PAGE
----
#! /bin/bash launchctl stop `launchctl list | grep | awk ‘{print $3}’` launchctl stop `launchctl list | grep | awk ‘{print $3}’` launchctl stop `launchctl list | grep | awk ‘{print $3}’` launchctl stop `launchctl list | grep | awk ‘{print $3}’` kextunload -b com.Symantec.SymEvent.kext kextunload -b com.Symantec.SymOSXKernelUtilities.kext kextunload -b com.Symantec.kext.KTUM rm /etc/liveupdate.conf rm /etc/Symantec.conf rm /usr/bin/symsched rm /usr/bin/navx rm ~/Library/Preferences/com.Symantec.Scheduler.plist rm /Users/Shared/snorosx rm -rfd /Library/Contextual Menu Items/NAVCMPlugin.plugin rm -rfd /Applications/Symantec Solutions rm -rfd /Applications/Norton AntiVirus rm -rfd /Library/Receipts/NAVContextualMenu.pkg rm -rfd /Library/Receipts/NAVEngine.pkg rm -rfd /Library/Receipts/Norton AntiVirus.pkg rm -rfd /Library/Receipts/SymEvent.pkg rm -rfd /Library/Receipts/SymOSXKernelUtilities.pkg rm -rfd /Library/Receipts/NortonQuickMenu.pkg rm -rfd /Library/Receipts/SymSharedFrameworks.pkg rm -rfd /Library/Receipts/Norton AutoProtect.pkg rm -rfd /Library/Recepits/Symantec Scheduled Scans.pkg rm -rfd /Library/Recepits/Symantec Scheduled Scans.pkg rm -rfd /Library/Recepits/Symantec Scheduled Scans.pkg rm -rfd /Library/Receipts/navx.pkg rm -rfd /Library/Receipts/LiveUpdate.pkg rm -rfd /Library/Receipts/Symantec Scheduler.pkg rm -rfd /Library/Receipts/Stuffit.pkg rm -rfd /Library/Receipts/SymInstallExtras.pkg rm -rfd /Library/Receipts/SymHelpScripts.pkg rm -rfd /Library/Receipts/SymantecUninstaller.pkg rm -rfd /Library/Receipts/Symantec Alerts.pkg rm -rfd /Library/Application Support/Norton Solutions Support rm /Library/Application Support/NAV.history rm -rfd /Library/Application Support/Symantec rm -rfd /Library/PreferencePanes/SymantecQuickMenu.prefPane rm -rfd /Library/PreferencePanes/APPrefPane.prefPane rm -rfd /Library/PrivateFrameworks/SymAppKitAdditions.framework rm -rfd /Library/PrivateFrameworks/SymBase.framework rm -rfd /Library/PrivateFrameworks/SymNetworking.framework rm -rfd /Library/PrivateFrameworks/SymSystem.framework rm -rfd /Library/PrivateFrameworks/SymScheduler.framework rm -rfd /Library/StartupItems/NortonAutoProtect rm -rfd /Library/StartupItems/NortonMissedTasks rm -rfd /Library/Documentation/Help/Norton Help Scripts rm -rfd /Library/Widgets/Symantec Alerts.wdgt rm -rfd /System/Library/Extensions/SymEvent.kext rm -rfd /System/Library/Extensions/SymOSXKernelUtilities.kext rm -rfd /System/Library/Extensions/KTUM.kext rm /System/Library/Extensions.mkext.NxdE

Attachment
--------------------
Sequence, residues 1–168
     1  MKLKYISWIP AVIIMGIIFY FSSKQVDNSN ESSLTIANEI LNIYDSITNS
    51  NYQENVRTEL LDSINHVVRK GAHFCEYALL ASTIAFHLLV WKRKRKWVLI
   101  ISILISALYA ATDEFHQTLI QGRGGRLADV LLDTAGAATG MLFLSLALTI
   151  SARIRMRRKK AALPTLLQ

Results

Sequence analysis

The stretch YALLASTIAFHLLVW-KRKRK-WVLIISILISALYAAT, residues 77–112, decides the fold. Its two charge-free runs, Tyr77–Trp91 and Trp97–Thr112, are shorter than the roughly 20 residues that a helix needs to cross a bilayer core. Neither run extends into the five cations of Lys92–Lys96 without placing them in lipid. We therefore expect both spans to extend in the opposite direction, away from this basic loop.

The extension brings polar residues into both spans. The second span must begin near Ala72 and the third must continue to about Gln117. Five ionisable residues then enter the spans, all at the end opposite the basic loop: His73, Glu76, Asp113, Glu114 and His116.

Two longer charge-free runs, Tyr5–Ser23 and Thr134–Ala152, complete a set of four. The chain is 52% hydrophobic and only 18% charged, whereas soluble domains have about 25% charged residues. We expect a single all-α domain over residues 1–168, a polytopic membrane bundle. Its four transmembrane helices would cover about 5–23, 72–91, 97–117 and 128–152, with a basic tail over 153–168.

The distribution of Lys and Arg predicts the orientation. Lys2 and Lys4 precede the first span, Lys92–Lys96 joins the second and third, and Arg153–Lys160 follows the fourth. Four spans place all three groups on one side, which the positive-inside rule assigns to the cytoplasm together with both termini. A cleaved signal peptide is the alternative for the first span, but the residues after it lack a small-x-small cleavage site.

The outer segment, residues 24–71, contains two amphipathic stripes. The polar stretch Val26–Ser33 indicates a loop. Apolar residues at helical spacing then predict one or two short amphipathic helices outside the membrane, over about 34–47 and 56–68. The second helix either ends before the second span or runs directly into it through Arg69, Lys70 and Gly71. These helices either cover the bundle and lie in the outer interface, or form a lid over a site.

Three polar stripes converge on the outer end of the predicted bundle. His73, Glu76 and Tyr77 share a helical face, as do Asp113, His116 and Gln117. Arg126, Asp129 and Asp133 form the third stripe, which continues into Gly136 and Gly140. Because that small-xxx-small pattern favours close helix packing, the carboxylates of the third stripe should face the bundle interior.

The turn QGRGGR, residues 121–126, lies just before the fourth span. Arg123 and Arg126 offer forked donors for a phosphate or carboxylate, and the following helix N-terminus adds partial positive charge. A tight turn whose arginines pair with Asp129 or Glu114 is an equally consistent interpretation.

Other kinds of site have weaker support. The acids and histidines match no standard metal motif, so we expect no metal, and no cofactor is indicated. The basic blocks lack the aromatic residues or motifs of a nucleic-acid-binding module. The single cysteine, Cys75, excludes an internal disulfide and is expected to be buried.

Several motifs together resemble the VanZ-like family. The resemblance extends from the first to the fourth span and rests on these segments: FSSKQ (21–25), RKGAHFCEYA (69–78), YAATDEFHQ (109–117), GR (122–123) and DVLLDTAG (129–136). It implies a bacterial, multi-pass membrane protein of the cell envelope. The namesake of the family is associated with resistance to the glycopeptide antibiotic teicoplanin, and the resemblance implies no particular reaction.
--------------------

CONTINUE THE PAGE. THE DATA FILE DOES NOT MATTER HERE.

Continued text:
Oh, since most everything I do on this site requires elevated privileges I usually forget to mention it, but this script will require those…

May 5th, 2009

Posted In: Mac OS X, Mac Security, Mass Deployment

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At a terminal prompt, it is really straight forward to grab the date, simply use the date command, with no arguments and you will get something similar to the following, including the day, date, time (with seconds), time zone and year:
Tue Apr 15 00:40:07 CDT 2009
In a script this can choose fairly challenging, especially in cases where you just need the date stamp without the time and time zone, etc. Here we’re going to grab the current system date from ESX, OS X or Linux (or whatever OSen really) and then use a variable, currentdate, to put that date, formatted into a pretty standard format, YYYYMMDD:
currentdate=`date ”+%c%m%d” | awk ‘{printf $5}’`
Which will output the date as follows:
Now, in our shell script we can create files, add lines to files, etc, with the shortened date stamp. Some of you will be using log analyzers that depend, for example, on unix epoch time. To grab the date formatted as such, the following command can be used:
date -j -f “%a %b %d %T %Z %Y” “`date`” “+%s”
The date command isn’t used as much to set time any more, since most systems rely on a Network Time Protocol (NTP) server to supply date and time information. However, it is worth noting that the date command can also be used to set the time on a computer.

April 15th, 2009

Posted In: Mac OS X, Mac OS X Server, Mass Deployment, Ubuntu, Unix, VMware